"Nobody goes there anymore. It's too crowded."

Yogi's succinct restaurant review underscores the risks for Barack Obama if the novelty of his charismatic candidacy begins to fade. At the crest of a wave in the fall of 2003, Howard Dean was collecting major endorsements (Al Gore, unions like the SEIU) on a daily basis. The result? Many prominent Democrats decided there was no room for them in the Dean movement and migrated elsewhere.

"We don't throw at .200 hitters."

As they rehearse for the kickoff Democratic debate in South Carolina this Thursday, the second-tier candidates (Bill Richardson, Chris Dodd and Joe Biden) are undoubtedly fantasizing about their breakthrough TV moment as they mix it up with Clinton or Obama. It isn't likely, since the .200 hitters of politics are generally politely patronized and ignominiously ignored at debates.

"He's a big clog in their machine."

That may be the inadvertent role of Bernie Kerik in the Giuliani campaign. Kerik -- a Rudy protC)gC) and the former New York police commissioner -- has been warned by federal prosecutors that he is likely to be indicted on felony charges, according to the Washington Post. If Giuliani's campaign is premised on his unerring judgment and his national-security leadership, what was Rudy doing boosting Kerik to head the Department of Homeland Security?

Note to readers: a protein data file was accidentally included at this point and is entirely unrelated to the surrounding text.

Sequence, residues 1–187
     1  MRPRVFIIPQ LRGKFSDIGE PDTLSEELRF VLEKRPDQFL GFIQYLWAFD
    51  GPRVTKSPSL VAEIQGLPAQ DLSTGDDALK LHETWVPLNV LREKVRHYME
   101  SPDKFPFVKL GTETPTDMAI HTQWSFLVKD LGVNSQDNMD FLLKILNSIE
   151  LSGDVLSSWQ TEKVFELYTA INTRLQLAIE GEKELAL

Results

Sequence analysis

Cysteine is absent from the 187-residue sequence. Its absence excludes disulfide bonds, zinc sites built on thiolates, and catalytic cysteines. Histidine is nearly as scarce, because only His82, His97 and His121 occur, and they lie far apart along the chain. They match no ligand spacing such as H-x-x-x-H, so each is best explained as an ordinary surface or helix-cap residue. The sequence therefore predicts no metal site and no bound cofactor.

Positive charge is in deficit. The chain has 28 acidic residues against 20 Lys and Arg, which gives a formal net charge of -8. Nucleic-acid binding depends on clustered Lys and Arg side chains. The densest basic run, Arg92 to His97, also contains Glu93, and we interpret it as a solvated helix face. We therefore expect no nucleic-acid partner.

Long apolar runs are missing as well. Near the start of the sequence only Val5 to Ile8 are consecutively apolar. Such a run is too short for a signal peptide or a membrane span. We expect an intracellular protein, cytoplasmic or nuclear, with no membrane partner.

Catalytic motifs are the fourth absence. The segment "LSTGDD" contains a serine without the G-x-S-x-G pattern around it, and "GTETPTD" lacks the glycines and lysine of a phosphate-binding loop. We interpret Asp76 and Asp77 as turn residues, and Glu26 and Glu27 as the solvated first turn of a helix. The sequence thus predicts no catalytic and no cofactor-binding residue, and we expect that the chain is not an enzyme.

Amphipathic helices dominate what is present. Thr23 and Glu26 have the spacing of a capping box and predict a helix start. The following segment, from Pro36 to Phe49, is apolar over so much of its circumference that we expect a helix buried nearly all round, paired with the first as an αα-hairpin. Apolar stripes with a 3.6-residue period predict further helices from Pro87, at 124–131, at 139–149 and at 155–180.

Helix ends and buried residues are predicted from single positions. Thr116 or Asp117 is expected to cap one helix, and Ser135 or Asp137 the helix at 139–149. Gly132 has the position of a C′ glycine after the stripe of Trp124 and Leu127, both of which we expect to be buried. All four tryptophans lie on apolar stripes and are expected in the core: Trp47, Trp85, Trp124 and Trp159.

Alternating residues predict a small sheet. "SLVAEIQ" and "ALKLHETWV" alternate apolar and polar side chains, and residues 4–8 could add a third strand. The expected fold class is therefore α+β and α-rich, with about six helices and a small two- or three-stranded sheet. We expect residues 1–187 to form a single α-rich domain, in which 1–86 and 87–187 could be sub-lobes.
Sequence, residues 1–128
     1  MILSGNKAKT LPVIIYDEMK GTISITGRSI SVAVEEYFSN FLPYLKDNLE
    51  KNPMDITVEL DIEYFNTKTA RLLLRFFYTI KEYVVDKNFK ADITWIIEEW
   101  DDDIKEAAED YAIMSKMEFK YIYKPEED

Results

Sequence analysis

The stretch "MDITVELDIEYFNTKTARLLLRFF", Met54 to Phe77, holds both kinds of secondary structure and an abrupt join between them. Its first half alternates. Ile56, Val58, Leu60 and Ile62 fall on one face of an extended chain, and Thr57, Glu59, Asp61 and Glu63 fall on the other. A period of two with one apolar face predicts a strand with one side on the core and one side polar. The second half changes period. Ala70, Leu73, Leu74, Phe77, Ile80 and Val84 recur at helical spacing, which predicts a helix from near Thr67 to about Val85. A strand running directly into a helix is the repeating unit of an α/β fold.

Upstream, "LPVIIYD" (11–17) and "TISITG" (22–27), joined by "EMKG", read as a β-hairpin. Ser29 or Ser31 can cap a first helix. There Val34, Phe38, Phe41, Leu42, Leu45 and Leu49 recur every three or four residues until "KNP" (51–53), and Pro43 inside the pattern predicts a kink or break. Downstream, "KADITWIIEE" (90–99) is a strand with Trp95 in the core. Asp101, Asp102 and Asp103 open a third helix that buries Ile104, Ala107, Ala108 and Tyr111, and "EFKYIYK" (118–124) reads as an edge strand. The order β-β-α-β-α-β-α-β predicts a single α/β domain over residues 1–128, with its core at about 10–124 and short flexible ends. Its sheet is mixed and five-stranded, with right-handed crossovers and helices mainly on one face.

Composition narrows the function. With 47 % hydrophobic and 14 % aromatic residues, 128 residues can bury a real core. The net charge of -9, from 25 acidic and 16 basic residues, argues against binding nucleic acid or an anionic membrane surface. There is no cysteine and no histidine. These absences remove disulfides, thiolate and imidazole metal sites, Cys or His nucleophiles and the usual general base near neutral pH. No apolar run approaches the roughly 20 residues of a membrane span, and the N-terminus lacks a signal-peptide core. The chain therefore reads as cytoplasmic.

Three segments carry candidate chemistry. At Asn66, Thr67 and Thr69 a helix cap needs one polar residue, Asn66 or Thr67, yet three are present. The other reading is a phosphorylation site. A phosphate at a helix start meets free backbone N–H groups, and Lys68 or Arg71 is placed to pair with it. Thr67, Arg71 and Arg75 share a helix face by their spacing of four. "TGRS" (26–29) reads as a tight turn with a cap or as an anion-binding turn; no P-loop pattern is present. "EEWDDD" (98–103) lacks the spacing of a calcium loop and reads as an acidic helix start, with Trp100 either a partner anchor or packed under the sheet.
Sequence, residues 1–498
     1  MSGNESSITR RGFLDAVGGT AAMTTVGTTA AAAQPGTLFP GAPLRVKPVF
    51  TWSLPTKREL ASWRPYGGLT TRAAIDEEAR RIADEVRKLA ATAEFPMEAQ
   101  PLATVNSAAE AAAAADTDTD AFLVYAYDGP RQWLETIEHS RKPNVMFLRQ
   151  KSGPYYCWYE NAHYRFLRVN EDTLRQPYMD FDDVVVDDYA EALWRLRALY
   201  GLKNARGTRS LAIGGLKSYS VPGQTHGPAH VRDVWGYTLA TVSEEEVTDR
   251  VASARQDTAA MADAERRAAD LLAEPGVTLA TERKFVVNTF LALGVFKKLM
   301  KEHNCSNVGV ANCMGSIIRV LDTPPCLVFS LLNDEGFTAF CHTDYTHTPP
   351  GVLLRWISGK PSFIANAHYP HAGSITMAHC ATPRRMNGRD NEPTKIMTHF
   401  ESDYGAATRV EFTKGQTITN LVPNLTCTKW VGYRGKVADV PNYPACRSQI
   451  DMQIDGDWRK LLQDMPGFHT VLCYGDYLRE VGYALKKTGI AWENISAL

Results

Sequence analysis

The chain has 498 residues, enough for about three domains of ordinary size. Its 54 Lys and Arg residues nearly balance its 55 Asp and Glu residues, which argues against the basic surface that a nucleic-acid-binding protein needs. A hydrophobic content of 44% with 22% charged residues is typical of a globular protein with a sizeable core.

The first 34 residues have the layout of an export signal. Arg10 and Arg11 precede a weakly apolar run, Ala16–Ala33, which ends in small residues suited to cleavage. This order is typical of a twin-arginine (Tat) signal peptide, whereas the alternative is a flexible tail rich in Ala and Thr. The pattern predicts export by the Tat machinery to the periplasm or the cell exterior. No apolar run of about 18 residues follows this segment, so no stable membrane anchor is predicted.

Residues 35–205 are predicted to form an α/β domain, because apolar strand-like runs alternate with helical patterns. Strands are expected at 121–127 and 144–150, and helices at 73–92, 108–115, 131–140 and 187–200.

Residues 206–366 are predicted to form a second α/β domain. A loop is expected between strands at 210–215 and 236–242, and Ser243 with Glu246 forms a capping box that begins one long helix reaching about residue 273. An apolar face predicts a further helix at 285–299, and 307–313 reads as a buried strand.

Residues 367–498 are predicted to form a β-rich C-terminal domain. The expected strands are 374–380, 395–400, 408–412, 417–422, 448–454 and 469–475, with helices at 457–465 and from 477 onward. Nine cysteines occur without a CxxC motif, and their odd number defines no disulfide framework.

"I really didn't say everything I said."

The ultimate defense of a presidential candidate (or shock-radio host) in trouble. Biden certainly had need for this line when he flubbed the kickoff of his presidential campaign by describing Obama as "clean" and "articulate."

"You can't think and hit at the same time."

This is Yogi's admonition that you should be guided by instinct. In the mouth of a presidential candidate, this sentiment becomes, "I don't read the polls."

"A nickel ain't worth a dime anymore."